My Lords, we are consistent throughout in our approach to human rights and in discussing these matters with countries around the world. Fortunately, I do not have neuralgia, either mental or physical, and have not detected any sign of it yet among my colleagues—I will keep watching, though.

I am grateful to the noble Lord, Lord Wallace, for giving me the opportunity to set out clearly the position of the Foreign and Commonwealth Office with regard to human rights. What the Permanent Under-Secretary made clear in his exchange in the Select Committee is that the issue of human rights underpins everything that we do at the Foreign Office. It is embedded across the Foreign Office. I was concerned that the previous way, in which we set out a list of priorities, meant that there were categories of people in this country who could look at those priorities and think, “I am not there; they don’t care about me”. There were people on that list who might think, “Why am I fourth on the list?”—freedom of religion and belief or of no religion was fourth. So in seeking to redraft the way in which we present our commitment to human rights, I was driven by the belief that those in the LGBT community or those who are disabled should realise that we are for all people. As I mentioned at the PinkNews event last night at the Foreign Office, no one person is more valuable than another; we are all valuable. That is what our redrafted approach to human rights makes clear, and it is embedded across all departments in the Foreign Office.

My Lords, will the Minister confirm that Zhang Kai has been at the forefront of the fight in the Zhejiang province in speaking out for both the registered and unregistered churches, more than 1,500 of which have had their crosses removed and been subjected to intimidation and the kind of discrimination that she has just referred to? Will she further confirm that over 280 rights lawyers have been detained or disappeared in China since 9 July, including Zhang Kai? Rights lawyers in China are at the forefront of the defence of Article 18 freedoms: the right to believe, to not believe or to change your belief. As a result, their own human rights and freedoms are subject to heavy restrictions. Perhaps the most well-known rights lawyer, Gao Zhisheng, remains under house arrest after years of imprisonment, torture and enforced disappearance. I hope that the Minister will assure us that she will pursue that case. Would she be willing to meet, during his present visit to London, Chen Guangcheng, the barefoot, blind human rights lawyer who was imprisoned for four years after exposing the coercive one-child policy in China?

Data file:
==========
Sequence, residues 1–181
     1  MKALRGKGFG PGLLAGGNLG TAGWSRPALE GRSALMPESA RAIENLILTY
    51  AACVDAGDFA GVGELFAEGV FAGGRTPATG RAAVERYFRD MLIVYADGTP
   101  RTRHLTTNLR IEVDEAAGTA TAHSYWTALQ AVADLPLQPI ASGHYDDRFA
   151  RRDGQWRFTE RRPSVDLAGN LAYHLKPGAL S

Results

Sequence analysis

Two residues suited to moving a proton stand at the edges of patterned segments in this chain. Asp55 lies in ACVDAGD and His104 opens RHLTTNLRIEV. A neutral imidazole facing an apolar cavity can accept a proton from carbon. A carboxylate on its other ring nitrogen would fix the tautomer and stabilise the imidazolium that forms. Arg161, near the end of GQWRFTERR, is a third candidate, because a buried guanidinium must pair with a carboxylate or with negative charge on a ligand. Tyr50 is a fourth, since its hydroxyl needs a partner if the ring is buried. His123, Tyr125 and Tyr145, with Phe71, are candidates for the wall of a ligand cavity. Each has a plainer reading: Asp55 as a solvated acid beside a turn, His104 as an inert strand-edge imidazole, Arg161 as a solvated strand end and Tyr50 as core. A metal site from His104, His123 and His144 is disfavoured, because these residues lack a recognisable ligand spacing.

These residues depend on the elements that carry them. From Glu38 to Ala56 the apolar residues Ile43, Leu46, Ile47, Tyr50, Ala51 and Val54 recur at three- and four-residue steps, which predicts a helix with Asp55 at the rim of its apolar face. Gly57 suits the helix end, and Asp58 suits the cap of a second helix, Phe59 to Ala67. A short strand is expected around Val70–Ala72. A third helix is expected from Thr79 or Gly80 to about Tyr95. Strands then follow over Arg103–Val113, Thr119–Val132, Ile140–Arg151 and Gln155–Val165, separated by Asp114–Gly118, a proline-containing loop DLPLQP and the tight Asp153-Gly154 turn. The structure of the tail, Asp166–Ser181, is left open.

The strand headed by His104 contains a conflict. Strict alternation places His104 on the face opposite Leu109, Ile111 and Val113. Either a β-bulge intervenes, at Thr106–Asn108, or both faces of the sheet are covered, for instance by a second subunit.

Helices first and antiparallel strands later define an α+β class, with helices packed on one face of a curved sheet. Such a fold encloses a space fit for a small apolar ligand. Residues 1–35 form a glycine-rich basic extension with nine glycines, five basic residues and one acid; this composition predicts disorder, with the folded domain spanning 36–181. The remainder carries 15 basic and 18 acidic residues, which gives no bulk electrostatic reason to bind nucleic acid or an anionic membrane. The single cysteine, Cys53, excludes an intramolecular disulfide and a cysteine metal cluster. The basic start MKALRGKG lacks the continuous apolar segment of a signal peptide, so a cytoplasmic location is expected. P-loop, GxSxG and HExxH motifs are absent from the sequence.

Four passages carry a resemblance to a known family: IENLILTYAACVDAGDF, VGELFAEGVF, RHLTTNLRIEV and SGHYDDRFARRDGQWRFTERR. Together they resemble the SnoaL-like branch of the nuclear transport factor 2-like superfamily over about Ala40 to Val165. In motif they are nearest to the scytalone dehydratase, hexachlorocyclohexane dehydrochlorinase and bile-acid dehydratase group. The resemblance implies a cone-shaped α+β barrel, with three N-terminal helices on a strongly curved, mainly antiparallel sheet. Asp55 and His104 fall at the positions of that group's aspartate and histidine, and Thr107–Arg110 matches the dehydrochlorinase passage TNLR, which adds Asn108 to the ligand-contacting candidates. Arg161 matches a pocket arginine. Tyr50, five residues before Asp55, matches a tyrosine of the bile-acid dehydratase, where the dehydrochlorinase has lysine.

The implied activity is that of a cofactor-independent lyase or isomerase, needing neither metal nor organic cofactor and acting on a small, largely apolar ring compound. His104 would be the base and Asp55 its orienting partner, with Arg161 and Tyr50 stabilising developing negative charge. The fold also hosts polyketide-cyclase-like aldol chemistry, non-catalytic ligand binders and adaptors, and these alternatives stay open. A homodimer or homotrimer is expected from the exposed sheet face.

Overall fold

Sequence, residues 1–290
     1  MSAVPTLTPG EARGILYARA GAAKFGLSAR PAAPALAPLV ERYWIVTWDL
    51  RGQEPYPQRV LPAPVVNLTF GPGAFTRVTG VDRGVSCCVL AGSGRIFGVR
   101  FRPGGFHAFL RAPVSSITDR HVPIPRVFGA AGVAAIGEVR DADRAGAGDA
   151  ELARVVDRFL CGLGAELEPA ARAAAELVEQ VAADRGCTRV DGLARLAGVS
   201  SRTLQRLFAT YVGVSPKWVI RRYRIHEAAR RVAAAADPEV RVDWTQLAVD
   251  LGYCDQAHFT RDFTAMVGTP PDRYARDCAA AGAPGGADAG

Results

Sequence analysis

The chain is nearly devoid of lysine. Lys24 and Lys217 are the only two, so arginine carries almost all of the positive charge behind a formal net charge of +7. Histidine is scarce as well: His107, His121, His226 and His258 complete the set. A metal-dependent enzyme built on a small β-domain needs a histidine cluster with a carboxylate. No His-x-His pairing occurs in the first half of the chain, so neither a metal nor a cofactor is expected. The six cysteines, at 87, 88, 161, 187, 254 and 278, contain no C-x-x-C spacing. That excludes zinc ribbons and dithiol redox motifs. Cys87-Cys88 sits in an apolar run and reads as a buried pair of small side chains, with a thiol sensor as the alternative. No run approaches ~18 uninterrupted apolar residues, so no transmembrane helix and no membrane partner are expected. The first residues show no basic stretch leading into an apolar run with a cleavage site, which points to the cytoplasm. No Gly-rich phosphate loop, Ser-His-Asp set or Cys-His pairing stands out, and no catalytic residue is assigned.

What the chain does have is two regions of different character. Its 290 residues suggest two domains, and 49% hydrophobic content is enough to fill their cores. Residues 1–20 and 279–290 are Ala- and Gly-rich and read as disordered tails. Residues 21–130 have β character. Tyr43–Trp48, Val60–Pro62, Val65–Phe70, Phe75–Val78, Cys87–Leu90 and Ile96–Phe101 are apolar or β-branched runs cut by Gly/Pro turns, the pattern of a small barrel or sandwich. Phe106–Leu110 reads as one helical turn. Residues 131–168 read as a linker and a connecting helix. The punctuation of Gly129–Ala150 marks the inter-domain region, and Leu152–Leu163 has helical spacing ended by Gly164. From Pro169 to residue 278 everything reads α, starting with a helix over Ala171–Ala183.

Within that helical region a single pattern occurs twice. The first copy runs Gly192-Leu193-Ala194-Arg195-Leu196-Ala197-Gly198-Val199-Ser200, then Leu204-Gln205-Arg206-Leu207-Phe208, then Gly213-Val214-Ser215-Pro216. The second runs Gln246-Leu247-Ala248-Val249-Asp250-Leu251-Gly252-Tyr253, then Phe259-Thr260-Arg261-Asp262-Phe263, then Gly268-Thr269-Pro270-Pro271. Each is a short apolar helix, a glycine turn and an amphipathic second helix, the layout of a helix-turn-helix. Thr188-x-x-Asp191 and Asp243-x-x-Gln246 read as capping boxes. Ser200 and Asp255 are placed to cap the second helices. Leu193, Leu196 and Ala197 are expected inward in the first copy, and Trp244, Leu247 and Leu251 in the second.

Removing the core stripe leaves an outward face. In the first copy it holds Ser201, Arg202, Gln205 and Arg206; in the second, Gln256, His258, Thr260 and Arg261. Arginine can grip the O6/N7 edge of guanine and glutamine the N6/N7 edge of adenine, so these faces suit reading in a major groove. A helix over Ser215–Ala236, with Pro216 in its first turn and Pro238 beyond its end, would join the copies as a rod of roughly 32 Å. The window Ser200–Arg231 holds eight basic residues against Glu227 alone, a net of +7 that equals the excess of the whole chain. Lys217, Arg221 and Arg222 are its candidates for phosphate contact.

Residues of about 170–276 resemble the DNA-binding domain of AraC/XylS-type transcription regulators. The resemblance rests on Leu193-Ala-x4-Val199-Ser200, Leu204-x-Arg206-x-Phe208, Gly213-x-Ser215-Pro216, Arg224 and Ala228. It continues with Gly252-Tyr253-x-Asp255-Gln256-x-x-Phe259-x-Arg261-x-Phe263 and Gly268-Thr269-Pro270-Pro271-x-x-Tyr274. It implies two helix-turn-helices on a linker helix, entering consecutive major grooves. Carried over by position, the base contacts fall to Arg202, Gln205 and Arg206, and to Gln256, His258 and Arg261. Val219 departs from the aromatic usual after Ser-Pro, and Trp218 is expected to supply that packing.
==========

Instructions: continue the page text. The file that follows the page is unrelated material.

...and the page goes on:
My Lords, I always do my very best to meet those who seek to meet me. I have to say that my attention has been somewhat diverted at the moment by the European Union Referendum Bill. However, I will certainly see what I can do with regard to his request. I am very glad that the noble Lord, Lord Alton, has put on record the work of Zhang Kai, which is significant. He is one of those people whose bravery can only be admired by those of us who see the importance of human rights defenders around the world.

The noble Lord is right: we are extremely concerned about the activity of crosses being removed. We are told that, sometimes, the rationale behind that is that there are planning restrictions, but it seems odd to us. Certainly, detention and disappearance should not be part and parcel of a normal judicial system. Perhaps we will have the opportunity to look at this further when the noble Lord has a Question for Short Debate in the Moses Room about Article 18.

It is important that we continue our discussions on these matters. Last week at the FCO, my right honourable friend Hugo Swire, who has country-specific responsibility for China, met 14 people from the China NGO Network, representing those who have a particular interest in fighting for human rights in China.

My Lords, does the Minister think that one way of responding to the disconnect alluded to by the noble Lord, Lord Wallace of Saltaire, is to say that the deepening of our relations on industrial and such matters reinforces the need and the moral duty to raise human rights issues?

My Lords, I certainly believe that a constructive economic relationship with another country gives one the opportunity to have a stronger voice on why human rights should underpin a stable and responsible government. That voice does not have to be a clarion call; it can be more modest. I am reminded that Tony Blair made the point that,

“ persuasion and dialogue achieve more than confrontation and empty rhetoric”.

I cannot often agree with him, but I do there.